The Republican People’s Party (CHP) is the founding and thus the oldest political party in Turkey. Until Turkey’s transition to a multiparty electoral system, the CHP was the sole political party in the country. Under the leadership of Mustafa Kemal Atatürk, the founding father of the republic, and then that of İsmet İnönü, the CHP ruled the country singlehandedly for almost three decades.
After the defeat of the Ottoman Empire in World War I, countries of the winning side occupied Turkey on all fronts. Thanks to our struggle for independence, the Republic of Turkey succeeded the Ottoman Empire. During the presidency of Atatürk, a series of initiatives aimed at establishing a multiparty system failed one by one.
The succeeding period of İnönü’s presidency turned out to be a period of coercive Westernization. Adopting a Jacobin perspective on religion, the İnönü period was marked with the banishment of the azan, the call to prayer, and religious education. Combined with the economic crisis that emerged due to World War II, and the lack of freedom of thought and faith resulted in an unbearable life for Turkish citizens.
After the end of World War II, the Cold War began between two opposing fronts led by the United States and the Soviet Union. Turkey’s transition to a multiparty system was a requirement for taking part in the "free world" of the U.S. Thus, a group of politicians who broke away from the CHP founded the Democrat Party (DP), which would rapidly come to power in 1950.
During the one-party period, the CHP ruled the country without any checks and balances. Just like the Ba’ath Parties of the Arabic countries, the CHP’s one-party state meant that the CHP’s provincial chairmen had at the same approach as the governors of their provinces.
In the first fair elections of the multiparty system, the newly founded DP took the upper hand thanks to its discourse of economic development and freedom of thought and faith. Instead of rejecting the Ottoman legacy, the DP embraced both the religious and historical values of the country. In 1960, a coup d’état overthrew the DP government, and the CHP seized political power by abusing their military-bureaucratic elite.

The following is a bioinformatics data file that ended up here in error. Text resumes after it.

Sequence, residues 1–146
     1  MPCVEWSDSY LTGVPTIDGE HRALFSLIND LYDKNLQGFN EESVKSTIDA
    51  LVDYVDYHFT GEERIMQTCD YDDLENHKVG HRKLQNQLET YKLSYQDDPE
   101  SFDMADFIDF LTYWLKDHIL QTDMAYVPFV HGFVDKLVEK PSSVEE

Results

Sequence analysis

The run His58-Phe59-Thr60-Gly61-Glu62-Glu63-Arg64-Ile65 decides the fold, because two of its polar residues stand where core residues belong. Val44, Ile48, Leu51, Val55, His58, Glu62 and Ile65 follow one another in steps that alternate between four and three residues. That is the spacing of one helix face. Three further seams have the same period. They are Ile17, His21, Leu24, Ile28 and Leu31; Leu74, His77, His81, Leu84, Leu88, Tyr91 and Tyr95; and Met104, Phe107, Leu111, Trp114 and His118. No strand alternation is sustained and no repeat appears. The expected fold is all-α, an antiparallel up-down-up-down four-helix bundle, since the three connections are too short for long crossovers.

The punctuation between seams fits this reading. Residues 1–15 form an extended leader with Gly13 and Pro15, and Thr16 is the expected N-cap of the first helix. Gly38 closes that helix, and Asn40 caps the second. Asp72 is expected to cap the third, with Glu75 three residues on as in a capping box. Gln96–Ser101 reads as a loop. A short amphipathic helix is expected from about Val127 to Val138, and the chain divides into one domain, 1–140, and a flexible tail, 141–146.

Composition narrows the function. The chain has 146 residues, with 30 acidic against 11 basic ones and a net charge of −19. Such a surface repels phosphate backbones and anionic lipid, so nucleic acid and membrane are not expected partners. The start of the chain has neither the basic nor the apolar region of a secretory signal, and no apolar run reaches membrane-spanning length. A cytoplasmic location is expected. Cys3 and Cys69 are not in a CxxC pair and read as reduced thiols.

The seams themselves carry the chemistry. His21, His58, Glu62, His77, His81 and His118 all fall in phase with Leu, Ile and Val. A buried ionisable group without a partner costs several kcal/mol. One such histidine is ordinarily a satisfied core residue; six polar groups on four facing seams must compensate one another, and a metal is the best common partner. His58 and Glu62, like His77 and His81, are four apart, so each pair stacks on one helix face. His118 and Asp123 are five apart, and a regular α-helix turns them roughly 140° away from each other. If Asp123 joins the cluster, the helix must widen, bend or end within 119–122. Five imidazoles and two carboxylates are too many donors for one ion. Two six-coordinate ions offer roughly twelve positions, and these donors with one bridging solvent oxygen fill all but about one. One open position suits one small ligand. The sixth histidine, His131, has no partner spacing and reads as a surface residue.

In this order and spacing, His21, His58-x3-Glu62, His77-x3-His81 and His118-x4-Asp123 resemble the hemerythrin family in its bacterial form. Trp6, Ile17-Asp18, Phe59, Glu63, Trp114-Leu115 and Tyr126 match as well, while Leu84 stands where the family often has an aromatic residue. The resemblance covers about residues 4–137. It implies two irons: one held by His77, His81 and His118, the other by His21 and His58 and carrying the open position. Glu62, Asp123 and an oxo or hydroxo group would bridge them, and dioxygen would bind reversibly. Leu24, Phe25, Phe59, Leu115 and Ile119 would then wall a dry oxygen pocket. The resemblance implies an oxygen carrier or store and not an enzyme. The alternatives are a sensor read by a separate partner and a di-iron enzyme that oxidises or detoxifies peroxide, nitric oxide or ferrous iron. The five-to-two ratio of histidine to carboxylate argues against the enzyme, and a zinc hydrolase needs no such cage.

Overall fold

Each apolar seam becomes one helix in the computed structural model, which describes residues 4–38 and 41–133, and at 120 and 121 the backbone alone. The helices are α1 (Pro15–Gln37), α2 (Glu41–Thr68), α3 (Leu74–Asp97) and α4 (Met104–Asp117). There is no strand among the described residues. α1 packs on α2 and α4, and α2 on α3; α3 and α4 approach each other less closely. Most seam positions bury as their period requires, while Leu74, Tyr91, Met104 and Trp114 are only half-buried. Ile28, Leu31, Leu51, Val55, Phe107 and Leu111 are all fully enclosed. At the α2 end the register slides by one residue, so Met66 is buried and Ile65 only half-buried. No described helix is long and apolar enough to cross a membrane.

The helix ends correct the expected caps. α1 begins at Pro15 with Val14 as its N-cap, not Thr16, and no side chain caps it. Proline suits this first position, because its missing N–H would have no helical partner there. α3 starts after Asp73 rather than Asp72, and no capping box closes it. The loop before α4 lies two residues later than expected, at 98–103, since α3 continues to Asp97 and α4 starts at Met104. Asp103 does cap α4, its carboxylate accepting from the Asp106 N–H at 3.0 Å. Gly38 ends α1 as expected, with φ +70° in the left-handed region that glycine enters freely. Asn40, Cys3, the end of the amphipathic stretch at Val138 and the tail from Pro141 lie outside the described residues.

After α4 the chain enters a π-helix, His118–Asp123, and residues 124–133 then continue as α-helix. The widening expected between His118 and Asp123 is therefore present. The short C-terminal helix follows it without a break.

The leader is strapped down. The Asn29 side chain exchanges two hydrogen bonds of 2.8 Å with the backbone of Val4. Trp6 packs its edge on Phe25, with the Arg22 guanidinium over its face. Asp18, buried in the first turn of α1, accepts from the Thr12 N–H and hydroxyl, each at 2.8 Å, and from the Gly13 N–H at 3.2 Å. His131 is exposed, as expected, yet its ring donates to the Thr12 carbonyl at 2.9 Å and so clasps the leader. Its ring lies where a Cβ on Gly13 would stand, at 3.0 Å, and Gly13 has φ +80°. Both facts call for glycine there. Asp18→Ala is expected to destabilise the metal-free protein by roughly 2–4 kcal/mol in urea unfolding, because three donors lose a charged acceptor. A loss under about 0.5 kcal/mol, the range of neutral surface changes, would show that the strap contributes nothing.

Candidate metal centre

Supported by leading jurists of the day, the coup d’état of 1960 sentenced former Prime Minister Adnan Menderes, Foreign Minister Fatin Rüştü Zorlu and Finance Minister Hasan Polatkan to death. Though more than half a century has passed since their executions, the leaders of democratic political parties have continued to be threatened by supporters of military tutelage, an implicit reminder of the tragic fates of Menderes and his colleagues.
Following the end of World War II, the U.S. redesigned the constitutions of defeated Germany, Japan and Italy to ensure their allegiance to NATO via military tutelage. Strangely enough, Turkey would soon be treated in a similar manner. Turkey’s Constitution of 1961 institutionalized the military tutelage in Turkey by founding the National Security Council.
Thus, the CHP succeeded in taking hold of the civil and military-bureaucratic elite. Despite decades of other political parties winning elections and rising to power, the CHP had always been the essential source of political power. Keeping governments on a string, Turkey had been ruled by the civil and military-bureaucratic elite of the Western-influenced CHP.
When the Justice and Development Party (AK Party) came to power in 2002, Turkey’s systemic habits changed drastically. Military tutelage was eventually eliminated, while the spy ring of the Gülenist Terror Group (FETÖ) was defeated after an attempted coup d’état was prevented by civil resistance.
Since the foundation of the Republic of Turkey, the CHP ruled the country both directly and indirectly. When the CHP lost its military and civilian bureaucratic power, it had to compete in civilian politics. So far, their civilian politics have not worked well.
Following their electoral failures, the CHP has resorted to cooperating with international actors. Despite the fact that the CHP has succeeded in metropolitan municipalities in the last local elections, conspiracies and intrigue dominate the party's structure.
Recently, allegations have surfaced regarding Muharrem İnce, a senior CHP member, visiting President Recep Tayyip Erdoğan at the Presidential Complex in Ankara. Although both İnce and the president openly denied that such a visit happened, the CHP’s internal drama and factionalism continue to top Turkey’s political agenda.